My view feels tight and limited and closed. What can I do? I fear I myself am not able wear the Buddha's robe. 



Comments

  1. Than you for sharing your process, responses, and doubts. We are continually refining, aren't we?

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  2. I think anger is a common response. And not a problem, in my view, unless you let it go on and impact your daily actions. Which is what I have noticed with discussions of these scandals. Many people letting anger distort their words, and causing more suffering.

    Hard to know what to do with a 105 year old priest. Removing him is appropriate. But it seems like sanghas need to figure out some better structures to deal with, and prevent, these kind of things. Structures that reflect our teachings, and aren't just punitive and reactionary.

    ReplyDelete
  3. Talking about this with you has been tremendously beneficial. It has been helpful to notice when other people seem to be speaking from anger and then to notice what I do when responding to perceived anger ALSO to notice what I sound like when speaking from my own anger. It also made me curious about what Reb Anderson calls "appropriate anger" in his book "Being Upright." I was also reminded again how my anger builds when I read the comment streams on various online forums like Sweeping Zen. Where to draw the line between being informed and getting swept up in dharma debates and anonymous name calling. But touching someone's breasts or genital area in a dokusan is not okay. I don't know what to say to someone who feels that it is. But if most people feel it is not okay and you have a teacher with sexual boundary issues it seems like this would enable his behavior to do it to others. What do you do? I am deeply appreciative of Grace Shireson's writing concerning this issue and many issues facing women in Zen. To be continued...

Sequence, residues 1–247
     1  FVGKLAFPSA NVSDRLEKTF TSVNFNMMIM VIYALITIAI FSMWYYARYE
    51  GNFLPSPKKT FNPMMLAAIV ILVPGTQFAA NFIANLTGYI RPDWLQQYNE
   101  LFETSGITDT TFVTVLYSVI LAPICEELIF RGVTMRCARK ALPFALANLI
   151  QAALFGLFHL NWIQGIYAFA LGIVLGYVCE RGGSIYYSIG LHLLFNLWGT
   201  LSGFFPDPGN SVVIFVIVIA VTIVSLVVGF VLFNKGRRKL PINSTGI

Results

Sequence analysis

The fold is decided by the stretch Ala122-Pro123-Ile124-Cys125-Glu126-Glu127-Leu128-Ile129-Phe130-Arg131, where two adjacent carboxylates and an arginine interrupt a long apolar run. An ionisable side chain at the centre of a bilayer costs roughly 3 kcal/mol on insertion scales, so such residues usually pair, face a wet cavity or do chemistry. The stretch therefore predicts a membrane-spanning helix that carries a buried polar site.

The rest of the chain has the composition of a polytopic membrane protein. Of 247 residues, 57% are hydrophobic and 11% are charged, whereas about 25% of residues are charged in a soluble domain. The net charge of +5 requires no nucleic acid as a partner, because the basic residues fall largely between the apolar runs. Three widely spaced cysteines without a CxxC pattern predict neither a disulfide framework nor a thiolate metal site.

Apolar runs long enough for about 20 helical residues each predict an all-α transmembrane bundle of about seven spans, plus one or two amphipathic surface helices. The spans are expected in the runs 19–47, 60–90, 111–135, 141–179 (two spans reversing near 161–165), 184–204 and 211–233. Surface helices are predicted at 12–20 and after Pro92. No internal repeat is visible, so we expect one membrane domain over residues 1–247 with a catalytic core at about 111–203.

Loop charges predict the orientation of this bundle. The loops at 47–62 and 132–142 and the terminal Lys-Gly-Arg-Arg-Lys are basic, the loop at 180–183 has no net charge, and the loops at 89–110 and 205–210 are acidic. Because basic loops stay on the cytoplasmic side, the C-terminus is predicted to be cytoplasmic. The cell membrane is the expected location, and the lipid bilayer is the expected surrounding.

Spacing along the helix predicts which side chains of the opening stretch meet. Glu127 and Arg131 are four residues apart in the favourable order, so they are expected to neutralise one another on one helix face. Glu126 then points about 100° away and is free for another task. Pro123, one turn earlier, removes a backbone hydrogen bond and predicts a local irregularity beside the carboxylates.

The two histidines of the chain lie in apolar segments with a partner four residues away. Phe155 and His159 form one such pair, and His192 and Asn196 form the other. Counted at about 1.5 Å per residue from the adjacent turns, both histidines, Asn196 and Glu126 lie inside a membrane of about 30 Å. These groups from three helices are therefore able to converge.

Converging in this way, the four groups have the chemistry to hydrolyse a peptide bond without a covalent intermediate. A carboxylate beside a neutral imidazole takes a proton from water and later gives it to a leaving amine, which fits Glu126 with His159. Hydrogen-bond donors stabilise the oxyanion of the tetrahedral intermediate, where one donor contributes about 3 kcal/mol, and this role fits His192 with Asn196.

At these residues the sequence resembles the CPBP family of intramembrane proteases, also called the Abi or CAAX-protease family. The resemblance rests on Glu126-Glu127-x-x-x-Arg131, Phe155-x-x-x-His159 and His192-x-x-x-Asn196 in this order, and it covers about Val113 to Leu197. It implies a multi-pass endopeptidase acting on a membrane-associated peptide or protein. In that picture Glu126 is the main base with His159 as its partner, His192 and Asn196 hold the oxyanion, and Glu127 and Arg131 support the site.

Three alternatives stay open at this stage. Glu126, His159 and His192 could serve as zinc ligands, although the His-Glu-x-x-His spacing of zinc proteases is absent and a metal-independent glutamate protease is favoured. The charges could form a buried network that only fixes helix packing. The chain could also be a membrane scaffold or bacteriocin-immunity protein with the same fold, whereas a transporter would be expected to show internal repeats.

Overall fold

ReplyDelete
  4. I don't know how I missed this until now, but what is speaking to me is your anger. I blogged the other day on an experience in a hospital where a nasty doctor awakened me rudely and talked to me condescendingly. You know what? I know where he's coming from, in general. Low doc on the totem pole, having to work nights during the holidays. But I am deeply angry. I am working on a letter that will go to one or two appropriate places and will tell what I experienced. The only reason I'm doing that is because I'm angry. So I do not think this anger is a waste of time. Rage is. I have to get the anger down enough to be cool and believable in this letter. Most women put up with shit like this and don't even complain about it, just feel vaguely shamed and guilty, just as many women do not report rape.
    I know my anger rests on the rage from the sexual abuse of my childhood. You end up with this column of internal rage as suppressed as the memory. But that's what I have to offer this world, the clarity of vision that endowed me with.